You’ve talked to other professionals in your field, scoured the internet, and gotten the inside scoop from program administrators. Now’s the time to choose. Read our next section on how to evaluate what software will be right for you and your program.
Samuels, K., Hitchcock, L. I., & Sage, M. (2020). Selection of Field Education Management Software in Social Work. Field Educator, 10.1(Spring).
How to Evaluate Which Software is Right for Your Program
Every program is different and you’ll have your own set of criteria to evaluate software programs against. However, there are similarities that every program will have so we put together a starter checklist for you:
Features and Capabilities
- Does it solve your immediate need?
- What other features does it offer that you could benefit from?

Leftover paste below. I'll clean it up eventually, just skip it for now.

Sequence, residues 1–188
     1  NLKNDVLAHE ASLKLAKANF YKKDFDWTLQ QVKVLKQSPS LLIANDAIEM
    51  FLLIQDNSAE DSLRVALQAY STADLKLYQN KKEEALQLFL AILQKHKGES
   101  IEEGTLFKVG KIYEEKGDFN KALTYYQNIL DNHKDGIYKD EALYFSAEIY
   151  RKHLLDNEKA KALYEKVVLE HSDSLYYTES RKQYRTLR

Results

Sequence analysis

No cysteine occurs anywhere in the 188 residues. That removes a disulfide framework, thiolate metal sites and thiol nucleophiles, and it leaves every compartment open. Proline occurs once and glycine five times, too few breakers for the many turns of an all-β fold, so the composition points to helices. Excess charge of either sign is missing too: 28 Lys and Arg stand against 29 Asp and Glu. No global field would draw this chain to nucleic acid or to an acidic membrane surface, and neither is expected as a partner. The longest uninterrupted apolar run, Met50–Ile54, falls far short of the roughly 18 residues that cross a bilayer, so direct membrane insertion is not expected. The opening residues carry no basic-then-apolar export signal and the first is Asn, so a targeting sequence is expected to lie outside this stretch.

- What integrations does it offer?
- What are its data and analytics capabilities?
- Does it have reporting capabilities?
User Experience – Accessibilty
- Does it adhere to digital accessibility standards?
Security and Compliance
- Does it adhere to your school’s security requirements?
- Is it compliant with your data privacy and protection standards?
- Is the company responsive?
- What level of customer service can you expect?
- What do other customers say about working with them?
Time to Launch
- How long (and thorough) is the onboarding process?
- When can you start using it?
- How might these features help you reduce costs?
- What’s the cost, upfront and ongoing?
Samuels, K., Hitchcock, L. I., & Sage, M. (2020). Selection of Field Education Management Software in Social Work. Field Educator, 10.1(Spring). https:
The price of software, while certainly important, should be the last “checkbox” on your list. The reason is simple: you want to find a tool that fits your needs. If you eliminate solely on price, you risk missing out on a comprehensive offering that has important features that you didn’t realize initially. Or the software may have hidden costs in support, add on fees, downtime, etc. that become apparent after it’s too late.